The next value addition to the museum’s paintings segment is made by Italian paintings numbering over 1,000. A considerable chunk of this class is from the Italian royal collections. Till very late in the 19th century, the 14th and 15th century Italian paintings of the royal collection did not receive much recognition. Therefore, the number of pieces under this topic is scarcely limited. When we move on to the 15th century accomplishments, we come across the works of Fra Angelico, Mantegna, Antonello da Messina and Botticelli that offer a fulfilling experience. Emanating again from the royal collection, there is a good number of examples from the 16th-century paintings. Among the various schools that have contributed to this group, perhaps Venetian Schools lead in number and quality. Titan is the representative artist of this group with about 40 accomplishments of this renowned personage on display. We too find some exceptional works of Veronese, Tintoretto and the Bassano. A much heralded collection of Raphael is among the top highlights besides the works of Correggio and Parmigianino belonging to the Parma School, Sebastiano del Piombo representing the Roman School and Andrea del Sarto from Florentine. There is a large group of collections from the 17th- and 18th-century Italian paintings with a big number from the royal collection. Also, the paintings of Luca Giordano, Corrado Giaquinto and Giambattista Tiepolo will impress anyone.
Museo del Prado has on display about 1,000 masterpieces from the Flemish Paintings with a major number of them from the royal collection. The most interesting segment of this class is the 15th- and 16th-century works. Felipe II had adoration for in the earlier Flemish Primitive paintings and therefore, he had gathered a number of accomplishments by some of the leading artists of this school like Rogier van der Weyden to Bosch and Patinir. In the royal court, Anthonis Mor made a significant contribution. Aprt from these works, the paintings of Jan van Eyck and Hugo van der Goes have got a good representation here. Some of the most striking works in Flemish Paintings are those of Rubens and there are about 90 of them. The museum also displays the works of Jan “Velvet” Brughel, Paul de Vos and David Teniers.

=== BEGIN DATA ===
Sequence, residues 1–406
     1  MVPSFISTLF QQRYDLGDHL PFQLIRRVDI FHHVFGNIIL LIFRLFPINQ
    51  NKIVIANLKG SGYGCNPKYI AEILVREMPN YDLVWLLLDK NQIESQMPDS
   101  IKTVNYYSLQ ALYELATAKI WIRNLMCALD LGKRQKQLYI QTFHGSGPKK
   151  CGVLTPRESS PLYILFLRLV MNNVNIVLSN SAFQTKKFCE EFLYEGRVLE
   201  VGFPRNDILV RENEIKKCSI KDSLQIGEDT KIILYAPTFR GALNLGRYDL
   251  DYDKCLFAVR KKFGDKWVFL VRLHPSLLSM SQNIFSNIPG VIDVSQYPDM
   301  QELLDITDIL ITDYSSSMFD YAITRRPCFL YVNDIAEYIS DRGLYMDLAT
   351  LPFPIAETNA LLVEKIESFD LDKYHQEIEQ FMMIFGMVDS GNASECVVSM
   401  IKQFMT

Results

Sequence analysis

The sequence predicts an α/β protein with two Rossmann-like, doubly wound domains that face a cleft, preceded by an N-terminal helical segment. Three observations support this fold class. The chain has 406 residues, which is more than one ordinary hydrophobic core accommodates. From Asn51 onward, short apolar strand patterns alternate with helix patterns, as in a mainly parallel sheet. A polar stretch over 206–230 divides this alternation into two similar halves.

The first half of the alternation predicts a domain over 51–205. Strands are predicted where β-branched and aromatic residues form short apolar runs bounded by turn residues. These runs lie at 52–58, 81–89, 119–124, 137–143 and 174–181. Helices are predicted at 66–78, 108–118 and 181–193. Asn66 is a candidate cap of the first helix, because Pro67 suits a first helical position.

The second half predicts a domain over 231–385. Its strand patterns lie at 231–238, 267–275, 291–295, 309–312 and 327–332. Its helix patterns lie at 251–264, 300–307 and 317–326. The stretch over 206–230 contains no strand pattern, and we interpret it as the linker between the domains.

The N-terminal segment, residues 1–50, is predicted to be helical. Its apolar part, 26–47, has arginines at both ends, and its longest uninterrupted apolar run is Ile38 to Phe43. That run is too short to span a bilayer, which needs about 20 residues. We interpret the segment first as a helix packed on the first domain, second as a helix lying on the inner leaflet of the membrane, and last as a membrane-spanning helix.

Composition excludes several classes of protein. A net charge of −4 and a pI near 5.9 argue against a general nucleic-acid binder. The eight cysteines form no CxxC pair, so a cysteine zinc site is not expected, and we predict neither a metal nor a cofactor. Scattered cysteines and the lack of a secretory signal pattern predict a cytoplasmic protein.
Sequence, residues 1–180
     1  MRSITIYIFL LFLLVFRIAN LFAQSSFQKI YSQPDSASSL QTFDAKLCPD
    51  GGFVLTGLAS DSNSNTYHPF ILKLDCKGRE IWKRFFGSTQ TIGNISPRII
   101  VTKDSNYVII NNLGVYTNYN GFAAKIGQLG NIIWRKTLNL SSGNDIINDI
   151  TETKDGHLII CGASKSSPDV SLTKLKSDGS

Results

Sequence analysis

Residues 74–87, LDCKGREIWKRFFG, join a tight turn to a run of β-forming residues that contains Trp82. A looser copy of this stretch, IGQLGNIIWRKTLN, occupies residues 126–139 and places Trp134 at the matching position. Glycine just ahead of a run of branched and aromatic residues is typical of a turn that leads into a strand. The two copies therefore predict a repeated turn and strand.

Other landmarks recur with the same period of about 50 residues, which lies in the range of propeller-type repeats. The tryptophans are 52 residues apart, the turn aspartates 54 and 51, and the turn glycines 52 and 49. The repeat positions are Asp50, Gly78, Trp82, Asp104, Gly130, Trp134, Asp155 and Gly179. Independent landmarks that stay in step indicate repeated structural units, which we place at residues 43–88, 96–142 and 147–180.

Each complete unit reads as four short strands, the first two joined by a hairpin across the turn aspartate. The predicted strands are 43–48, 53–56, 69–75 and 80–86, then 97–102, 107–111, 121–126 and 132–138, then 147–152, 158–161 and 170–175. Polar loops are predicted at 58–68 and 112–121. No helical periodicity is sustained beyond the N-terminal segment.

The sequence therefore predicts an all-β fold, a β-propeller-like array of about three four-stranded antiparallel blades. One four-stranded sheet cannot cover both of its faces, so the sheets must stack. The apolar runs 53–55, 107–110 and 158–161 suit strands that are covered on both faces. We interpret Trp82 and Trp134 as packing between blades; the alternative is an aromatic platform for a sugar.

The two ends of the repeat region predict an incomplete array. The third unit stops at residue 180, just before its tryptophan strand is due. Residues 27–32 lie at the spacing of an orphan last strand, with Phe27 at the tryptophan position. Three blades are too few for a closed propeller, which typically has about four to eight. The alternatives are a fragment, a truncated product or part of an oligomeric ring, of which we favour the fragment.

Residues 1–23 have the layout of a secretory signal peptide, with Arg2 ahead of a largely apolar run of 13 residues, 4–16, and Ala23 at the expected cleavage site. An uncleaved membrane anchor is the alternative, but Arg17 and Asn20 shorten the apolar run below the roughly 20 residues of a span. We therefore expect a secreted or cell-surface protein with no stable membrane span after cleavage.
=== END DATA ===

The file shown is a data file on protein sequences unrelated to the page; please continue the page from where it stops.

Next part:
A visitor to Museo del Prado is enthralled by about 300 works of the French School of Painting ensuing from the Spanish royal collection. The array of works represents works from the 16th to 19th centuries with the top highlights belonging to the accomplishments of the 17th- and 18th- centuries. The notable works are those of Nicolas Poussin and Claude Lorraine. Royal collectors of the Bourbon dynasty had a fancy from the works of French Art and they gathered some interesting paintings of Watteau, Coypel and Rigaud.